No Burritos for ETF Investors as Funds Skimp on Chipotle

Shares of Chipotle (NYSE: CMG) have risen more than fivefold over the past five years. That performance and an almost $700 price tag solidify Chipotle’s status as storied, once-in-a-lifetime consumer discretionary growth stock on par with Netflix (NasdaqGS: NFLX) and Priceline (NasdaqGS: PCLN).

However, with Chipotle set to deliver its first-quarter earnings today after the close of U.S. markets, exchange traded fund investors are reminded of the difficulties of accessing the burrito maker’s shares via ETFs.

Just two ETFs feature Chipotle as a top 10 holding, according to S&P Capital IQ data. The PowerShares Dynamic Leisure and Entertainment Portfolio (NYSEArca: PEJ), which in the past has garnered weights of roughly 5% or more to Chipotle, currently does not own shares of the stock.

Lack of ETF access to Chipotle is punitive given the company’s penchant for delivering blow-out results.

“Consensus estimates call for EPS of $3.64, vs $2.64 a year earlier (+38%). The company has beat estimates in the past three quarters. Consensus for all-important comparable-store sales is +11.6%. This compares with with +16.1% in the fourth quarter of fiscal 2014. The other metric to watch out for is gross margin – in the fourth quarter, food costs grew 110bps and held back margin progression,” said Mischler Financial Group analyst Neil Currie in a note out today.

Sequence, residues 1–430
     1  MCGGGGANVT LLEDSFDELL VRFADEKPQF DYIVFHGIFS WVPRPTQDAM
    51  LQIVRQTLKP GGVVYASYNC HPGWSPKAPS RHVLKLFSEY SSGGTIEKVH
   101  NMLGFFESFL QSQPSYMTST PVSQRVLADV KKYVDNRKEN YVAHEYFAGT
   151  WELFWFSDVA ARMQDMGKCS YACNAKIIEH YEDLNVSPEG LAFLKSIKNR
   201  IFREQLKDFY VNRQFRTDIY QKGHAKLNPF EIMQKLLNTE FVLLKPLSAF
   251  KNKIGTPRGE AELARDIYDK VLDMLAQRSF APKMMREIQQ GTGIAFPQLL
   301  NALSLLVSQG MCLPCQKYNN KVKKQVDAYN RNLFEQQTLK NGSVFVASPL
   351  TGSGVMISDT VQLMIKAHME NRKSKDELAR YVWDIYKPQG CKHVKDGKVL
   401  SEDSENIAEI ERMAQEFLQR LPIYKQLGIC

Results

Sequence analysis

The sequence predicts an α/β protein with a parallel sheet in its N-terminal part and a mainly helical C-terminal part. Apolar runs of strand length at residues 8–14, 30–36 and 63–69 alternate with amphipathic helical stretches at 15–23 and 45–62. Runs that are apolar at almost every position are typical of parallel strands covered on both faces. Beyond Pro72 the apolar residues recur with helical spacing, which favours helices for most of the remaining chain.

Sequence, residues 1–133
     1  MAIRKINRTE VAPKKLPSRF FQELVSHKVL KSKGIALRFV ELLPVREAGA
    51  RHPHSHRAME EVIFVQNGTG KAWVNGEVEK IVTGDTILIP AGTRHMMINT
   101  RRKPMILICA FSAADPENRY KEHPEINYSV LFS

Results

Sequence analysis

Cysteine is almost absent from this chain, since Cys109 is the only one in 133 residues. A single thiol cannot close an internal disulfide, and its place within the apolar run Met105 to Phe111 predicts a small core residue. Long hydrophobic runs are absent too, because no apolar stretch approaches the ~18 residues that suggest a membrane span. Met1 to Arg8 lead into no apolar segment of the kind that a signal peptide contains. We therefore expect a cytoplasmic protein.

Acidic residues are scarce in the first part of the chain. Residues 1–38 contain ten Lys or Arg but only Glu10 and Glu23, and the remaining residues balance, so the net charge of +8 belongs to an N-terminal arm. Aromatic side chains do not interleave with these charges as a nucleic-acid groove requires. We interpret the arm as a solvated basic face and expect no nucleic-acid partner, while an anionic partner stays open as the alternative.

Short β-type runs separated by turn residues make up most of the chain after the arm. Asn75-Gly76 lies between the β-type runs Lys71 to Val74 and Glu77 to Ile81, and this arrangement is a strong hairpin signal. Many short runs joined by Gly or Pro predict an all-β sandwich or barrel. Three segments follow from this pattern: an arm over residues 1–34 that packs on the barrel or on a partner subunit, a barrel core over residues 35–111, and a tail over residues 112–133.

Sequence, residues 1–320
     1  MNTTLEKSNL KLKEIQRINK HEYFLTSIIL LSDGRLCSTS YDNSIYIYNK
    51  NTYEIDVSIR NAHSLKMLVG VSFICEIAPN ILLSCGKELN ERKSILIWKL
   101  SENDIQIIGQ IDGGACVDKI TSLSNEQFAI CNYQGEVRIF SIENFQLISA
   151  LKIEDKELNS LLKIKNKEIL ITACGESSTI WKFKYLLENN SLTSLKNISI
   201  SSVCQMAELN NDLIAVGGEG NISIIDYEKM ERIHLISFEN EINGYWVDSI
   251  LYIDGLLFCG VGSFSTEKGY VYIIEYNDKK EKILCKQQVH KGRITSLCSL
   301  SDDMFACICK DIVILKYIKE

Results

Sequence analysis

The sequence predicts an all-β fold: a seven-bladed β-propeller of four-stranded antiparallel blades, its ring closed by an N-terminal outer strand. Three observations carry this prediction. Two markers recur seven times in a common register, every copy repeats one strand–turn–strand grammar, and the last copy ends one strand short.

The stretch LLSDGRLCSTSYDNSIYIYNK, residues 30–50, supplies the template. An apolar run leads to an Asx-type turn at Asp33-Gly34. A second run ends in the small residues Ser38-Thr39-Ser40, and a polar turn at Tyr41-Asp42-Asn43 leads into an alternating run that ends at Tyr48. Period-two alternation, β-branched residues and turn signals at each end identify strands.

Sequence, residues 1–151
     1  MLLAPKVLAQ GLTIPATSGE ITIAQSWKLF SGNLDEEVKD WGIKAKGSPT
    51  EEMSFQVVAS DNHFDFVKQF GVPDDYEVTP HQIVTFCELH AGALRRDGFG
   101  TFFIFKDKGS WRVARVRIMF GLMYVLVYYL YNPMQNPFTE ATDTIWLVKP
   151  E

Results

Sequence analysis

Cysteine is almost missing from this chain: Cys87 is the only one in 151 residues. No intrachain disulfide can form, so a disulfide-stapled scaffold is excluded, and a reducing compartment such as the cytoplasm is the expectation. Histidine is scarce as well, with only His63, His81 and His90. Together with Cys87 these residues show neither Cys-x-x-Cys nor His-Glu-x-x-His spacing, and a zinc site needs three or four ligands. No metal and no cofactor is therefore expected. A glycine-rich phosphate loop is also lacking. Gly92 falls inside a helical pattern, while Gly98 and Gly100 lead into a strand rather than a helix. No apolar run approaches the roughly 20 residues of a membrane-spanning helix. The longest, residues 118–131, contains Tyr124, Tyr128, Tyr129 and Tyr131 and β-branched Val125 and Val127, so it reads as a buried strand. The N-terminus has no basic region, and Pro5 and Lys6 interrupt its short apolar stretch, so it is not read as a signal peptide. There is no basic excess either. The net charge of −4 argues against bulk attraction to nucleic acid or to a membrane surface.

“Regarding comp-store sales, we think there is some potential for consensus to be beat. While the consensus estimate would represent a two-year stack of +25.0%, similar to Q4, we think three-year stacks have proved an important metric for CMG. Based on this consensus, the three-year stack would be +26.0%. This compares with around +30.0% for the past three quarters. It is conceivable that CMG’s reported comp-store sales could reach the 14-15% mark on this basis,” adds Currie. [Leisure ETF Gets a Lift]

Chipotle’s market value is, at this writing, nearly $22 billion, meaning its dwarfed in traditional cap-weighted consumer discretionary ETFs, such as the Consumer Discretionary Select Sector SPDR (NYSEArca: XLY), by the likes of Walt Disney (NYSE: DIS), Home Depot (NYSE: HD) and Amazon (NasdaqGS: AMZN).